by Courtney Llewellyn

Maybe you think you’re doing okay. Maybe you’re struggling to make ends meet. Maybe you’re planning for retirement. There are many different money goals, but the key to achieving them lies in the ability to accurately assess your financial health.

Alex White, Ph.D., instructor in the Department of Dairy Science at Virginia Tech, presented “Assessing Your Financial Health & Analyzing the Financials of New Ventures” at this year’s NAFDMA Convention. His research centers on retirement planning strategies for ag producers and small business owners.

White began his talk by defining some financial health indicators all business owners should know:

  • Liquidity – how much cash we have without hurting our productive capability
  • Solvency – what percentage of your business is being paid for out of pocket
  • Repayment ability/capacity – how do you generate enough cash for life and debts?
  • Profitability – which is separate from your bank account getting bigger
  • Financial efficiency – in agriculture, it takes 80 to 85 cents to make a dollar

If you know the numbers for the first four items on that list, you’re already in better shape than many. And if you have those numbers, it will help you figure out your financial efficiency, which is a key piece of information if you need to take out another loan for a large purchase.

Before you do anything else, however, you need to start with a balance sheet. In its simplest terms, this document will list what you own, paid for by either your money (which results in equity) or paid for with someone else’s money (such as a loan, which results in a liability). When putting together your balance sheet and tallying up what you own, it’s important to use Doc White’s bird poop principle: If it has bird poop on it, get rid of it. It’s an idle asset.

A balance sheet will also help create a picture of what your business looks like on any one given day – and it’s good to use the same day every year for comparisons. According to White, for a new small business, you’ll want to start with breaking even/making a profit by year 3. If you don’t achieve that goal, you may need to rethink and restructure your business.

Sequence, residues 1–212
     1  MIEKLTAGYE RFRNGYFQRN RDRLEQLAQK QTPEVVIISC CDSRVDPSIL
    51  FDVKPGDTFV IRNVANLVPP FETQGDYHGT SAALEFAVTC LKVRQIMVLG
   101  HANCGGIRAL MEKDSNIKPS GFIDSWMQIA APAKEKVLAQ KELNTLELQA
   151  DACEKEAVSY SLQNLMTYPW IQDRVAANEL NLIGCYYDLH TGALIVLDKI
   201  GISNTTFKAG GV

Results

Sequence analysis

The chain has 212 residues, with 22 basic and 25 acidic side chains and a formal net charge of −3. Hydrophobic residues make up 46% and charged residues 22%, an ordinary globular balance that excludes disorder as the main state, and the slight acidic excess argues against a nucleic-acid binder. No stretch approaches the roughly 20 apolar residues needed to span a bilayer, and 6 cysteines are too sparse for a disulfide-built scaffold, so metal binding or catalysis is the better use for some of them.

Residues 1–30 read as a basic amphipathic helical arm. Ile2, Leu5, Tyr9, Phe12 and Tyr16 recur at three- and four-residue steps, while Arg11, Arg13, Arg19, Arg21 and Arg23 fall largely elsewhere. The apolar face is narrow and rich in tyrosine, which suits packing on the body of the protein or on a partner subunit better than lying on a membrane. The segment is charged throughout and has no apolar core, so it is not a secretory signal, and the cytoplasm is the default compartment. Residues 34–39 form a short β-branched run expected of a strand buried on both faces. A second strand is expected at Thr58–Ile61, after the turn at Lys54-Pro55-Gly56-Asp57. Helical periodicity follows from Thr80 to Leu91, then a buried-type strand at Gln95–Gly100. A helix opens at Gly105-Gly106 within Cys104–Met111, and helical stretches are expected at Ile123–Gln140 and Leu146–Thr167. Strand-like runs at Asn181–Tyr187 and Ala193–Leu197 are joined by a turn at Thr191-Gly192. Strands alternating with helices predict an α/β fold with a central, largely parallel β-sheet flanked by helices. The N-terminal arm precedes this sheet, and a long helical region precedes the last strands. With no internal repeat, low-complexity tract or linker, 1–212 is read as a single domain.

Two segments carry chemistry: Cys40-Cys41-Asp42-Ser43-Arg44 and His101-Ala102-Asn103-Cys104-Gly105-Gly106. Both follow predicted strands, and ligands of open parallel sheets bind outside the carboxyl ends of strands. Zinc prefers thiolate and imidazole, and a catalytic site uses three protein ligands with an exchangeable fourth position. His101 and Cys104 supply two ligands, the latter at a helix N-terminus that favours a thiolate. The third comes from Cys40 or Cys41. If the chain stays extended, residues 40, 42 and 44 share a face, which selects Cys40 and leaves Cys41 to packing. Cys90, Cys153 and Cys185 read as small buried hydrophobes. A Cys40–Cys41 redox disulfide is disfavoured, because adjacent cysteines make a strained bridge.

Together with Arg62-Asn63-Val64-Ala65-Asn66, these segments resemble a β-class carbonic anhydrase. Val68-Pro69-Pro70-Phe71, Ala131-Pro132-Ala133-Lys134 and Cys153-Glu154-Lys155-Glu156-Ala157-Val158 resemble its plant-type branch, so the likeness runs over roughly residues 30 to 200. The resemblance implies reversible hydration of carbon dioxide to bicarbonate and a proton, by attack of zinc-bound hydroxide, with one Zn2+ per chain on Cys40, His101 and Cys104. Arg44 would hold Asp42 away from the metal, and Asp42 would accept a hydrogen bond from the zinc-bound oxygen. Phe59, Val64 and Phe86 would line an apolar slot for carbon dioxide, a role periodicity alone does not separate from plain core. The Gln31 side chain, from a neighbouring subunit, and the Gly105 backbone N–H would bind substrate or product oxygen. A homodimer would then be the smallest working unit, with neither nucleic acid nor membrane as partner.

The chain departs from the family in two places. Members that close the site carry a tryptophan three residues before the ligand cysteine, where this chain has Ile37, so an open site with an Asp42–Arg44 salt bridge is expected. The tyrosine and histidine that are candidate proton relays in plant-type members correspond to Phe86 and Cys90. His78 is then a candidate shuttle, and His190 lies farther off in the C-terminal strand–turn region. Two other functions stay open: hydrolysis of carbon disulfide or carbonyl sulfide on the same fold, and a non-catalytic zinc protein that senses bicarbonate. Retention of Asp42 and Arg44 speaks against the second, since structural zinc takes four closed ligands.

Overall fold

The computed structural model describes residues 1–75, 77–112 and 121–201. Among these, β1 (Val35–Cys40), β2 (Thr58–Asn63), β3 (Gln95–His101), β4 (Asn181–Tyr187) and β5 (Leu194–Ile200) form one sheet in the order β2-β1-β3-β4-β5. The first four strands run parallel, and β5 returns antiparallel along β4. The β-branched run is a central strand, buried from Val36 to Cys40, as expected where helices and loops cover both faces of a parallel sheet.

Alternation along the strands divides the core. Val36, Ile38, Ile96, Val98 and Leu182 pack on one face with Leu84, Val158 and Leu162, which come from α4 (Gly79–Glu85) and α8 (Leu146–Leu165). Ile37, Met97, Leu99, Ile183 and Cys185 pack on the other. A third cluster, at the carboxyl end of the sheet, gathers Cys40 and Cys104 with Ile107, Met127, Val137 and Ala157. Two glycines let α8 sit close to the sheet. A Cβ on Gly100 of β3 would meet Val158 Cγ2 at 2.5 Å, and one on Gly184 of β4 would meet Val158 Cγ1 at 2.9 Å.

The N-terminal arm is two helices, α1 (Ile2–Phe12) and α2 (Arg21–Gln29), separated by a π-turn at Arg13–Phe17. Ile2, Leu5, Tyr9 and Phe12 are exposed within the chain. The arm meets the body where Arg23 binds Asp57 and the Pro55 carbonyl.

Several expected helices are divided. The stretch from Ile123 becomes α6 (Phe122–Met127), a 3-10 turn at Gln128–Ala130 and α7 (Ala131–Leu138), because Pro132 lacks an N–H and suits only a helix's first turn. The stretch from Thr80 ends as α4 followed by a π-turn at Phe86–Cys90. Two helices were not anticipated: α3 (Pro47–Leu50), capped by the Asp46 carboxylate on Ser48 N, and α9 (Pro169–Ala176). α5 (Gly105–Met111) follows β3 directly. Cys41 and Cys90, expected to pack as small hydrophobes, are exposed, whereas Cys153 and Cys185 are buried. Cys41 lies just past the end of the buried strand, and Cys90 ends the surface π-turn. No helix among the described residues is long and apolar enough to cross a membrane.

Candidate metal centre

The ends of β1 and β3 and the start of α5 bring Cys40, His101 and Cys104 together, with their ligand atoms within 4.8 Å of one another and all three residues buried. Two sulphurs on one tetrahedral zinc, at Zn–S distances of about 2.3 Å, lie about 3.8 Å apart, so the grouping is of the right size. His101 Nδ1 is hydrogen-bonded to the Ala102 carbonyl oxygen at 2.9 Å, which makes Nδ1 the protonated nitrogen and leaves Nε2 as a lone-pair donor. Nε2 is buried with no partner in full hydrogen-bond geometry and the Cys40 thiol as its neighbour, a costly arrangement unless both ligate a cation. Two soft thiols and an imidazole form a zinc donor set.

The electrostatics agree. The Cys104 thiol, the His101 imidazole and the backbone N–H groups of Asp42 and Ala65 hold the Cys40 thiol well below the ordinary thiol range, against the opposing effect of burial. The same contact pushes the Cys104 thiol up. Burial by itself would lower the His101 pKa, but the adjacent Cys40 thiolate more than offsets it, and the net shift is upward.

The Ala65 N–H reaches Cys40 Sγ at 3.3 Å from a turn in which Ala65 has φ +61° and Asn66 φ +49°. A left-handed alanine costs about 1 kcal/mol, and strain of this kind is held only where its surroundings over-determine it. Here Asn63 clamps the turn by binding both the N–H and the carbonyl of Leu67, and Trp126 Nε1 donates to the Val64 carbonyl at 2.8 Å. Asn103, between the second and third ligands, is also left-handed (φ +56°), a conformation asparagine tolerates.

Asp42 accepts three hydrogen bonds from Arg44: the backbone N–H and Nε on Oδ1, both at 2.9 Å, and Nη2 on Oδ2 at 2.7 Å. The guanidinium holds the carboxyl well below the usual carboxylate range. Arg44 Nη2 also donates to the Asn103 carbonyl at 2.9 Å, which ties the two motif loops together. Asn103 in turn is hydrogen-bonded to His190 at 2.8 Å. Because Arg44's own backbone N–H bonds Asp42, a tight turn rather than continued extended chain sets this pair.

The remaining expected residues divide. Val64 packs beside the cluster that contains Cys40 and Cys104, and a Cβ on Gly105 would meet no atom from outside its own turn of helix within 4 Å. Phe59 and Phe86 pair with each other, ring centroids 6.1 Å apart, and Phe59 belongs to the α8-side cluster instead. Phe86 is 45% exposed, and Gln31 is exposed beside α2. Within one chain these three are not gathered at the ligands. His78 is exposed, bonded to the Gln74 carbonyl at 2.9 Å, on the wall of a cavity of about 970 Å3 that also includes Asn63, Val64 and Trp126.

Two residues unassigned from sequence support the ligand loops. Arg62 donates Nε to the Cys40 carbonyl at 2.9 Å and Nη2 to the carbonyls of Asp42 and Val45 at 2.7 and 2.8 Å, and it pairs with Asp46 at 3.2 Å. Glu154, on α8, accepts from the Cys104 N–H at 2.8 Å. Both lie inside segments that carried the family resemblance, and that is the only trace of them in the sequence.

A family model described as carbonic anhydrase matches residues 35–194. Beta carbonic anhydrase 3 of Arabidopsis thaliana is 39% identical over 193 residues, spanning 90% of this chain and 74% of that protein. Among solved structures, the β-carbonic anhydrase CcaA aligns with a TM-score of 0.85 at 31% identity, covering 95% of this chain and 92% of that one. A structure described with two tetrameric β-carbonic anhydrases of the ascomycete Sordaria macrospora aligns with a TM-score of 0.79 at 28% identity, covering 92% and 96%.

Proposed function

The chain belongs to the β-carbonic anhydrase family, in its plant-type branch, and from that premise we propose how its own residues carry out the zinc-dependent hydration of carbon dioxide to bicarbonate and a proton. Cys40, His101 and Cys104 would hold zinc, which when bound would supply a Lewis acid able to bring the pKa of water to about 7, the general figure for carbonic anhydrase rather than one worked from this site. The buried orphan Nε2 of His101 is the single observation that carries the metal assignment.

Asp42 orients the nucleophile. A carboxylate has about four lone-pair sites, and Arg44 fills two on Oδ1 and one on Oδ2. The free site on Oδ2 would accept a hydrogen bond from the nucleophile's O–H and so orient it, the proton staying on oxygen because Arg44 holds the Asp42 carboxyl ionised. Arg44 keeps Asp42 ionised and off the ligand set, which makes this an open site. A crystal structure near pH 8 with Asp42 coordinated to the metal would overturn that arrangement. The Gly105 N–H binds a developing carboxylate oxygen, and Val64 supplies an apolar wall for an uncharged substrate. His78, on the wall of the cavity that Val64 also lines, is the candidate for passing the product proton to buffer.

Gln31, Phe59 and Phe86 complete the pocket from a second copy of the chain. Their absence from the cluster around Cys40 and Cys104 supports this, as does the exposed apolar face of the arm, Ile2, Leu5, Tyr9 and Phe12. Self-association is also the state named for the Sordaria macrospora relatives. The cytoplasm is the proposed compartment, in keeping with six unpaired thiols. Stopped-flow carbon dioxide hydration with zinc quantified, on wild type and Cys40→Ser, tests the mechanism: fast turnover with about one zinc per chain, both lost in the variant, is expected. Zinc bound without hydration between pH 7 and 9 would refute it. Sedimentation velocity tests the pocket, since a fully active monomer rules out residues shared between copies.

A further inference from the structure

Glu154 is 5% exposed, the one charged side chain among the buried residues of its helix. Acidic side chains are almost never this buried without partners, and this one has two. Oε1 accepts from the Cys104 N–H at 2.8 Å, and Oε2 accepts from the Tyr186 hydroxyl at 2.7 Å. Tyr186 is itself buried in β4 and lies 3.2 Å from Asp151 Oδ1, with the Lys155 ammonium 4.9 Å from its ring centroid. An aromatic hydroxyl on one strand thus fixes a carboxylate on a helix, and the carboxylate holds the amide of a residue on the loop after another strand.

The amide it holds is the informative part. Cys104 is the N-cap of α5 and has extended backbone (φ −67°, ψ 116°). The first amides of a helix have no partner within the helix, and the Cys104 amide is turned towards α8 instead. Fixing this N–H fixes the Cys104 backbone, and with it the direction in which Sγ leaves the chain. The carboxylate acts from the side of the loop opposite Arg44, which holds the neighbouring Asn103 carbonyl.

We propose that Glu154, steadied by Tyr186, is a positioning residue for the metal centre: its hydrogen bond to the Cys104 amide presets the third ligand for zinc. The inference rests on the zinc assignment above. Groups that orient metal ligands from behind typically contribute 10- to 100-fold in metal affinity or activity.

Ratios for Financial Health

White noted key financial ratios you can use to identify the financial strengths and weaknesses or your entire operation. A ratio is simply the relationship between two amounts showing the number of times one value is contained within the other; in this case, you want to look at assets versus debt.

For liquidity, a higher ratio is better. Farm businesses should aim for a ratio greater than 1.5 to 2.0, and 1.0 is the bare minimum. That would mean just breaking even. With liquidity, you should also aim for three months of business costs set aside in savings (versus the general three to six months for household expenses).

For working capital and expenses, a ratio of greater than 25% is great and less than 15% is bad. With solvency, higher is better.

Obviously, with repayment capacity, higher is better as well. “Show lenders you’re proactive with the steps you’re taking to bolster your weak areas,” White said. Interest rates are based on the risk you present to the lender. If you have proof your business is in good shape, you’re likely to get better rates.

You want your profitability to be greater than the rate of inflation. (The current inflation rate is 7.87%; last year, it was 1.68%. The long-term average is 3.24%.) This impacts your return on assets (ROA), which refers to a financial ratio that indicates how profitable a company is in relation to its total assets. It’s found by dividing your net income by the worth of your total assets. Note: Your ROA will naturally be higher if you’re leasing a lot of land or equipment – but that’s not necessarily a bad thing.

When looking over your financial records and you notice your financial efficiency drop, that’s not necessarily a bad thing either. You just need to figure out if your income decreased or your expenses increased. Once you have that information, you can adjust your business plan accordingly.

White also noted that the Risk Management Association ( and Standard and Poor’s ( have annual benchmarks for all industries, including many sectors of agriculture, so you can track your numbers against industry averages to see how you’ve been stacking up.